16 November 2018
Pain assessment is enigmatic. Although clinicians and researchers must rely upon observations to evaluate pain, the personal experience of pain is fundamentally unobservable. This raises the question of how the inherent subjectivity of pain can and should be integrated within assessment. Current models fail to tackle key facets of this problem, such as what essential aspects of pain are overlooked when we only rely on numeric forms of assessment, and what types of assessment need to be prioritized to ensure alignment with our conceptualization of pain as a subjective experience. We present the multimodal assessment model of pain (MAP) as offering practical frameworks for navigating these challenges.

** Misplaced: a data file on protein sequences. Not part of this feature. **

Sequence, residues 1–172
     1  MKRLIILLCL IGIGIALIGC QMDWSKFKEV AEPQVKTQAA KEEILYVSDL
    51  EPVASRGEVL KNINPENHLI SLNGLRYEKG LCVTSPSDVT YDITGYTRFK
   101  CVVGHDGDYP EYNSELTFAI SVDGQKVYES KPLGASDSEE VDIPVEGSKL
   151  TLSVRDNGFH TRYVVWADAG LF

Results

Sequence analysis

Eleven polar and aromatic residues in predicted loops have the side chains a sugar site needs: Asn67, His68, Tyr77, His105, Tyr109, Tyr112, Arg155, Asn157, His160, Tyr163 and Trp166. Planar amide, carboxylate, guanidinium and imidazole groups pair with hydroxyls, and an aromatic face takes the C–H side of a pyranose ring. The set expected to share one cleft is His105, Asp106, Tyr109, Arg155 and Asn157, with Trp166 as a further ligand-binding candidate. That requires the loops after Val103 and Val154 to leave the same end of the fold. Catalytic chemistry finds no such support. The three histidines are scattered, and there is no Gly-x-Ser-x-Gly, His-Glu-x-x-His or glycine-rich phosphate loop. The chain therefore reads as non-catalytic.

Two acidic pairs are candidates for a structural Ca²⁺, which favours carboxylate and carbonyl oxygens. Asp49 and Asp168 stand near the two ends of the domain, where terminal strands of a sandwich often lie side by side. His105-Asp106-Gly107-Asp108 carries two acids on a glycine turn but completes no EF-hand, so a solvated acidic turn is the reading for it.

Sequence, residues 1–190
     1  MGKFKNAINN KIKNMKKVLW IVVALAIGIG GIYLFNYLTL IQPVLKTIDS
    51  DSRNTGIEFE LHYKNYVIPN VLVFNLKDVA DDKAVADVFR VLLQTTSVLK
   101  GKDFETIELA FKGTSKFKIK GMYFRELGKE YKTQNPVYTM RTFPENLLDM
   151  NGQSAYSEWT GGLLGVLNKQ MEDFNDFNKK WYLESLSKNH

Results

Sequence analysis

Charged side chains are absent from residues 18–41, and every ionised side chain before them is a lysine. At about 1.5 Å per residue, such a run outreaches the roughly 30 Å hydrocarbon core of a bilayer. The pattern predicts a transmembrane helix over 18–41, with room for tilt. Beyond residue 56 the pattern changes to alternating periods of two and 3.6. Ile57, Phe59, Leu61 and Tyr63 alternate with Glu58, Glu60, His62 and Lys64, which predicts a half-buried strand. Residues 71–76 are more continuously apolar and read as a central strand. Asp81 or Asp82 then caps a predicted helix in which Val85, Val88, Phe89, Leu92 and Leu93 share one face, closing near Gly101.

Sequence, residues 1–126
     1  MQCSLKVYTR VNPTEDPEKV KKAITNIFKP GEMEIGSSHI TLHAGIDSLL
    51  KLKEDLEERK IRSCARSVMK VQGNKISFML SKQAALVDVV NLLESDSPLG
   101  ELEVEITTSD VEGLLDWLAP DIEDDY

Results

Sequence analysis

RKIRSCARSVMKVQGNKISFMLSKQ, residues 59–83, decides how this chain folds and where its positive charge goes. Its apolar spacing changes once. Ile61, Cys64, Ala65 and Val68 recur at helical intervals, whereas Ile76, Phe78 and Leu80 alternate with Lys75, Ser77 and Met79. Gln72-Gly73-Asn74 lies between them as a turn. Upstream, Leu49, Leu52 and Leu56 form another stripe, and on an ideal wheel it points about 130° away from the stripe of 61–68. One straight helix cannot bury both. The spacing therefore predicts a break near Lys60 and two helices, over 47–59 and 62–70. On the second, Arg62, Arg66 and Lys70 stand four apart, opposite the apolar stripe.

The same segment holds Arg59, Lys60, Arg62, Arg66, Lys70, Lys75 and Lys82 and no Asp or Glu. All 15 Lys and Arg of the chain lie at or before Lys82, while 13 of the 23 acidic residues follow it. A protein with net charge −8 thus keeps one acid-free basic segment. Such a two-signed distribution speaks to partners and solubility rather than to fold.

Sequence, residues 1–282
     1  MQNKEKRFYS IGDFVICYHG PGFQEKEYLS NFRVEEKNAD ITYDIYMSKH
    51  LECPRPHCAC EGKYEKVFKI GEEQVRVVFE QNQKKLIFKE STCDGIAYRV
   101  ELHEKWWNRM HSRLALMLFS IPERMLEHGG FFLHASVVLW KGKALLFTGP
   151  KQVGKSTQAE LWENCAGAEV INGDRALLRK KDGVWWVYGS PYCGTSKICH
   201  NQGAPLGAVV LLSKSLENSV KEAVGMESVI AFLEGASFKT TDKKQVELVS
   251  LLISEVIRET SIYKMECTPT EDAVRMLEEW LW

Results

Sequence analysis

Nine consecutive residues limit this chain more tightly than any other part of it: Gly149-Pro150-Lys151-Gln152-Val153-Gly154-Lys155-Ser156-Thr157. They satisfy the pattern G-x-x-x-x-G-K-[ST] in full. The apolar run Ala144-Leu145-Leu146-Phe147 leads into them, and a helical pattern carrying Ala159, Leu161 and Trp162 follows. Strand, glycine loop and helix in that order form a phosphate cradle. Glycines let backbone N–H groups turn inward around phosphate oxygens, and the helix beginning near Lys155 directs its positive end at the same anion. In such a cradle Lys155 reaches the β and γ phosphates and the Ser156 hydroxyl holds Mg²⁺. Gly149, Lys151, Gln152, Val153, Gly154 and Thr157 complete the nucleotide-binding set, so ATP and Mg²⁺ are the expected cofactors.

MAP delineates qualitative (words, behaviors) and quantitative (self-reported measures, non–self-reported measures) assessment and regards the qualitative pain narrative as the best available root proxy for inferring pain in others. MAP offers frameworks to better address pain subjectivity by: (1) delineating separate criteria for identifying versus assessing pain. Pain is identified through narrative reports, while comprehensive assessment is used to infer why pain is reported; (2) integrating compassion-based and mechanism-based management by both validating pain reports and assessing underlying processes; (3) conceptualizing comprehensive pain assessment as both multidimensional and multimodal (listening/observing and measuring); and (4) describing how qualitative data help validate and contextualize quantitative pain measures.